Mobile broadband gateway developer Stoke named Dave Williams, Comcast's former senior vice president of wireless technology, as chief technology officer of the company.
Williams is the second high-profile wireless executive to leave a cable operator. Stephen Bye, who was leading Cox Communications' push into wireless, left the company to join Cox's roaming partner, Sprint Nextel (NYSE:S), in March. The moves come as cable operators are showing lackluster results on their wireless plays, and as many MSOs begin to focus on Wi-Fi as a wireless strategy.
While Williams declined to comment about the cable industry and his role there, he did comment that the cable industry is becoming quite interested in the Wi-Fi market.
Stoke is a departure for Williams since he's spent the greater part of his career in the service provider space. Prior to Comcast, he was CTO of 02 Telefonica Europe and head of Cingular Wireless, which was subsequently folded into AT&T (NYSE:T).
Stoke offers the Stoke Session Exchange platform (SSX), a multi-access convergence gateway that performs multimedia IP session management and mobility across multiple technologies such as fixed, cellular and Wi-Fi networks. Many of the features of the SSX platform as already compliant with the System Architecture Evolution's Evolved Packet Core (SAE EPC), and and the key is the marriage of this multi-access gateway with the packet data gateway (ePDG) and security gateway elements.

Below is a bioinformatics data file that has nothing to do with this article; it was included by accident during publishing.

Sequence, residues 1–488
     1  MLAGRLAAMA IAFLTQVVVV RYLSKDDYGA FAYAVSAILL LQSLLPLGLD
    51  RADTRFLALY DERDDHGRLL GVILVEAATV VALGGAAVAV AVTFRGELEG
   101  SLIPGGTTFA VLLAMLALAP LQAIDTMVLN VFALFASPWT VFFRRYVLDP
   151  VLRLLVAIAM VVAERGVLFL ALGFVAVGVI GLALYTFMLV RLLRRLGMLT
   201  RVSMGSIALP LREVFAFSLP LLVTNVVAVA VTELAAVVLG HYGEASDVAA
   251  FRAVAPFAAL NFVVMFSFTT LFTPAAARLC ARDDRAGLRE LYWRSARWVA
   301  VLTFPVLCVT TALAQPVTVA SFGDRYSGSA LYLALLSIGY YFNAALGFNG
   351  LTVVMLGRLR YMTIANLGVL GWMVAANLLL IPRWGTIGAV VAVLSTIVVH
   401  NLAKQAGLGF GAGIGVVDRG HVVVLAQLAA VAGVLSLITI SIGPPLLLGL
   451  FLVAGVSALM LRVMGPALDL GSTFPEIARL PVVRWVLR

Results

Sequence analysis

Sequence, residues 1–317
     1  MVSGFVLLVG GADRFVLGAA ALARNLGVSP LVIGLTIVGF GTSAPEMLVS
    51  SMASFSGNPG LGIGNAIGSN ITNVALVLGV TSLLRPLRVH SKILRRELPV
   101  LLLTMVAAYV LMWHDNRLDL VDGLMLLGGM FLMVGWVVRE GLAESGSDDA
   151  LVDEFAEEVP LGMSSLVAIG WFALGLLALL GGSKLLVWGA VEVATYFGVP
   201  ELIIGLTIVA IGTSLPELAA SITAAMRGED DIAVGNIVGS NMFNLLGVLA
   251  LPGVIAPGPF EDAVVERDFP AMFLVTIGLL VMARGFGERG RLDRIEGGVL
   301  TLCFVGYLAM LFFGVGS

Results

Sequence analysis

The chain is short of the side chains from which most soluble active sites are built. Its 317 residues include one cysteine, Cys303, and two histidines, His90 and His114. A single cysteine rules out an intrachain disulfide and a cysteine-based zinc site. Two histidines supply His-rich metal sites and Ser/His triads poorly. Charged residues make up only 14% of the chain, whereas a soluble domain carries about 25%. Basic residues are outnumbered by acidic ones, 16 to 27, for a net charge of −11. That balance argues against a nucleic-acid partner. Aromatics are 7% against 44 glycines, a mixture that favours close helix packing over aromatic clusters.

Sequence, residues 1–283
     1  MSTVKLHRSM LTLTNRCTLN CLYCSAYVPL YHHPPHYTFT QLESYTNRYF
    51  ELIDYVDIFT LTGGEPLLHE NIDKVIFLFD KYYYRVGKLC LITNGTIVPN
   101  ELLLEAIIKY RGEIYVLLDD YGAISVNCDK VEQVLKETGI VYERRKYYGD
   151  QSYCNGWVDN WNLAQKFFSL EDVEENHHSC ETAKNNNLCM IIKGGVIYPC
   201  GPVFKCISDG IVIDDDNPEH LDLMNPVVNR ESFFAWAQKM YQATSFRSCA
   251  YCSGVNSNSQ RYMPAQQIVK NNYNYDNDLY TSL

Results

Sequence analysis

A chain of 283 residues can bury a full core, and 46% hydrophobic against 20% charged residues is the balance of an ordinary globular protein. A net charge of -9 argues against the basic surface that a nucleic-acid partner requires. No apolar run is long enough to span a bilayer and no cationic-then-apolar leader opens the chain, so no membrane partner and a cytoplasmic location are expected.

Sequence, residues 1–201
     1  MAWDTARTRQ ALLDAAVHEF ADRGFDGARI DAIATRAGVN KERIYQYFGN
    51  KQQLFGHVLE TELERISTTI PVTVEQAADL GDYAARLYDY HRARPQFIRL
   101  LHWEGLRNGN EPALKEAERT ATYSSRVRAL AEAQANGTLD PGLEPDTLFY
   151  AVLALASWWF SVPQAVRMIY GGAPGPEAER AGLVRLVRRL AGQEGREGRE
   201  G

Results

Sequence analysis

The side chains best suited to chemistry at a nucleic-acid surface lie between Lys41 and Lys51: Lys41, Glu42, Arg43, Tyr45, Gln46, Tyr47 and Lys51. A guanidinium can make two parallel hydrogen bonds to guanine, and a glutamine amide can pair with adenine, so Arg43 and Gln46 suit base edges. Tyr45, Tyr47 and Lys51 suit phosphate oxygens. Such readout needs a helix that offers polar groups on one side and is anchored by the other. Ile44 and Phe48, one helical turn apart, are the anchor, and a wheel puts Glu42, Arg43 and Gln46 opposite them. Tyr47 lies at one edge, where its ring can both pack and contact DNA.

"I spent time in the past working our Comcast's wireless strategy and also figured out how to do very effective fixed broadband--how policy and security are managed. That is important to wireless operators as small amounts of data have now turned into huge amounts of data on their networks," Williams said. "With the rollout of LTE and Wi-Fi offload, there are similar challenges to what the fixed guys faced long ago."
He predicts that wireless broadband will far outpace fixed broadband globally by the end of 2011.
One of the tasks Williams will undertake is building a small team of people to concentrate more on the carrier offload onto Wi-Fi business. "We are going to develop a good Wi-Fi portfolio on the back of security and aggregation and get involved in the standards world so we can understand where standards are going," Williams said.
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